Webflow gives the option to minimize the size of your HTML, CSS & JavaScript files in Webflow.

Caching and minification are essential components of optimizing your site speed as they help ensure that users aren't rendering unnecessary data each time they visit your site.

Clean up unused assets

Unused assets can cause serious performance issues to your site because they prevent important website files from loading quickly. These files include CSS styles, JavaScript, components, CMS data and images. If you're not careful with your unused asset management, you might even end up with massive loading bloat or inaccessible JavaScript that is not being used by any part of your website.

Getting rid of unused assets is actually an easy process to do on Webflow. First, you can go to the Interactions panel and click on ‘clean up’, and then click on ‘delete’. This essentially cleans up any unused interactions present on your site pages. Next, you can navigate to Style Manager and clean up all the unused page elements. You can easily do this by hitting ‘Remove’ and then ‘Clean Up’.

Reduce Animations

Animations are used to make site pages look more attractive and eye-catching. However, too much animation can reduce web page speed and increase the loading time of your website pages. Animations require large amounts of processing power and can cause serious lag on mobile devices.

Animations are cool indeed and this is not to say you should avoid them entirely. Instead, you could use them as a special kind of feature rather than as a staple of your design. If you do use animations, keep them simple (no bouncing or extreme poses) and keep them few in number.

Just like our previous step, we can also clean unused animated interactions. The secret here is to use less JavaScript interactions & instead replace it with CSS styled interactions which lighter to load.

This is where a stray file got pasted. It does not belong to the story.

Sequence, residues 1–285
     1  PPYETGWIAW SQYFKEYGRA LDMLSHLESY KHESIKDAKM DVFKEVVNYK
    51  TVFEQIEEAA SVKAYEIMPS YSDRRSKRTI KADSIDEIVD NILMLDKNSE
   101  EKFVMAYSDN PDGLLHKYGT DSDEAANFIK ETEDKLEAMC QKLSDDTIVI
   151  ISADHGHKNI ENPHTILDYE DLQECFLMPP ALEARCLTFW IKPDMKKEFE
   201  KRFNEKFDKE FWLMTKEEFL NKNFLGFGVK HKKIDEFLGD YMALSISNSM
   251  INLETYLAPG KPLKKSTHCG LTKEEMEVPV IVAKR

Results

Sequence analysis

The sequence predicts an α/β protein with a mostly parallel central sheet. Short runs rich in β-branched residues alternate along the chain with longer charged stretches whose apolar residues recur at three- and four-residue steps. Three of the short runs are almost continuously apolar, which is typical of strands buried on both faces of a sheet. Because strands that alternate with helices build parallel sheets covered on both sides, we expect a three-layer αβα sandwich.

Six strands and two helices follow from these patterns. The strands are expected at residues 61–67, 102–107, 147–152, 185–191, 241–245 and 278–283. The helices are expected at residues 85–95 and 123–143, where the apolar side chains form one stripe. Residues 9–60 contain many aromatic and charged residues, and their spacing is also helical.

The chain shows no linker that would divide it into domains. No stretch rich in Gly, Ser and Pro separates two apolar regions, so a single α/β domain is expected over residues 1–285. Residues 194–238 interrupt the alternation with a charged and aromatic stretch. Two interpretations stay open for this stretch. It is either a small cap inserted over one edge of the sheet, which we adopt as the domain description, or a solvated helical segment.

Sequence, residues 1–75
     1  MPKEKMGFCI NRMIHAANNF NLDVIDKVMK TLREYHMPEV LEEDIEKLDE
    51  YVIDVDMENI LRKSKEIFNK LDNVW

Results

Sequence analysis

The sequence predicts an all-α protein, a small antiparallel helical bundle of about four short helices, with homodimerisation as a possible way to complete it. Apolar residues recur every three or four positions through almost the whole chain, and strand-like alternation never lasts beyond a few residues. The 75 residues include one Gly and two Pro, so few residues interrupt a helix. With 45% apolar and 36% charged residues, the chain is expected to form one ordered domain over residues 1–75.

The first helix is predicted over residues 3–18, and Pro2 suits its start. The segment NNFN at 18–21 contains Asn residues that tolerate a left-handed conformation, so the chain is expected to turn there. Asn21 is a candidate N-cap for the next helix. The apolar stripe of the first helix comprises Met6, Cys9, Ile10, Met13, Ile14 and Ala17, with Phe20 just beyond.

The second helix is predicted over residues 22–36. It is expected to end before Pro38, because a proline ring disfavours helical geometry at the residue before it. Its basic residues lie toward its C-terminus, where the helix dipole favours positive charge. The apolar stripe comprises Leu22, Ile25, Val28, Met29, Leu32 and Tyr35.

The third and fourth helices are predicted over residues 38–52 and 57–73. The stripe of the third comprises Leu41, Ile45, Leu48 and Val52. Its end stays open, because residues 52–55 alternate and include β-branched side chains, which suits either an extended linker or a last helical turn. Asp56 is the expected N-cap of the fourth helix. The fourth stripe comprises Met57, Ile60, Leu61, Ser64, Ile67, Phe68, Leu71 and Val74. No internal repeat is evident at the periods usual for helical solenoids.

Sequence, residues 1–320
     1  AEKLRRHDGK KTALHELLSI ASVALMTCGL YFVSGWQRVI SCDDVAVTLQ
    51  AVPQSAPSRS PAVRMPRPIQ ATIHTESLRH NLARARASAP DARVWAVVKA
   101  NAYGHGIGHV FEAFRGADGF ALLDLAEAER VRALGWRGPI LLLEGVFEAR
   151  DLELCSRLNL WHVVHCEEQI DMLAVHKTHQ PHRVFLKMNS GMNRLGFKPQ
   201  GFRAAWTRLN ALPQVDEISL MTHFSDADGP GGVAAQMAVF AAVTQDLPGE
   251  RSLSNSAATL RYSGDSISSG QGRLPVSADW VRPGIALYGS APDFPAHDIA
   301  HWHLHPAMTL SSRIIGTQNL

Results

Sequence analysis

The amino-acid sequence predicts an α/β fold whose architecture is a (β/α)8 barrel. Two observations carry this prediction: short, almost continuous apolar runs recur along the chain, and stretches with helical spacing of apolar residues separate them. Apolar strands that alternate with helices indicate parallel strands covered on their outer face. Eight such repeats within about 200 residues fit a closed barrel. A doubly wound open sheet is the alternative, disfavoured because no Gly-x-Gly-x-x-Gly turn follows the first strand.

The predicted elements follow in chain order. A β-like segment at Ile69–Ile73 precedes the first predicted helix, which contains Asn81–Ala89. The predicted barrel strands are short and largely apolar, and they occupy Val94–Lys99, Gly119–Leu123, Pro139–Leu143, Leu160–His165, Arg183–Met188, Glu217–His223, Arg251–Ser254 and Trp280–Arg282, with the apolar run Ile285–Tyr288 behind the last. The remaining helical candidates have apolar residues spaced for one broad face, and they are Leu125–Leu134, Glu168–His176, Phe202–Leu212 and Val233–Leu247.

Choose a light and efficient video player

When it comes to playing videos online, we can't compromise. It's crucial that we choose the right video player for our site so that the videos will play perfectly.

One thing to look up is adaptive bitrate technology (ABR), which means they let us encode videos at different resolutions and bitrates, depending on the speed of your network connection. ABR uses data about your network speed to decide how much bandwidth (or bits per second) each video stream should use. This means that if you select an HD video from YouTube, it will automatically stream at a lower resolution if your connection can't support HD—which will make it play faster. On the other hand, if you select an SD video, it will automatically stream at 720p or 1080p—but only if your connection can support it.

Some of the most recommended video players are:

Defer JavaScript

Defer basically means "to postpone until a later time," or "to delay until later." In the case of the defer attribute in JavaScript, it means you're putting off the loading of a script to a later point in time after the content has loaded.

Here, we're talking about holding off on rendering certain elements and images on a page until after other aspects have loaded, for instance, so that text is readable before images are drawn over it. The reason this technique becomes important for speed is that loading one part of a webpage can affect how quickly or slowly another part loads. The reason you would want to do this is that it can be better for performance--it will likely allow your page to load faster by reducing multiple script requests.

Speed is a competitive advantage, so it's worth taking your time to optimize the speed performance of your website. While there are still ways to make it faster, many of the fixes listed above require little to no effort on your part—and could end up saving you thousands in bandwidth costs.  More than that, it will help give your users an amazing experience.

Want to know your site’s performance? Access Google’s page performance tester here.